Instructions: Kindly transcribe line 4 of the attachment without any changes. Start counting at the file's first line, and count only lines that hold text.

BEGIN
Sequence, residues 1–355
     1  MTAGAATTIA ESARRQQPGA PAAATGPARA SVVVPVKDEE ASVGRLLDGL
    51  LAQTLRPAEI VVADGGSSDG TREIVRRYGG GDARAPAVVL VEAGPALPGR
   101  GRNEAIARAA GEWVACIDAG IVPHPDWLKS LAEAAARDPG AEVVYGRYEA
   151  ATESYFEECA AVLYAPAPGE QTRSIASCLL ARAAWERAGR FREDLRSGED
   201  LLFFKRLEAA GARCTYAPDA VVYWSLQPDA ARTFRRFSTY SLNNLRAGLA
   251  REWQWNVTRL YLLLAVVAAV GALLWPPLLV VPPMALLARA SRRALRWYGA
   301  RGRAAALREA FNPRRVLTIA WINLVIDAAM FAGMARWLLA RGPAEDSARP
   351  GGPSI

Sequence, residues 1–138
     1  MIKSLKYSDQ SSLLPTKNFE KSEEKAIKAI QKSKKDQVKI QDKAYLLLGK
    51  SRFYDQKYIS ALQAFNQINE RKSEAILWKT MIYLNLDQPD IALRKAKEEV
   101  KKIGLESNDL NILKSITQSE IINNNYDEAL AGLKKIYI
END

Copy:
   101  GRNEAIARAA GEWVACIDAG IVPHPDWLKS LAEAAARDPG AEVVYGRYEA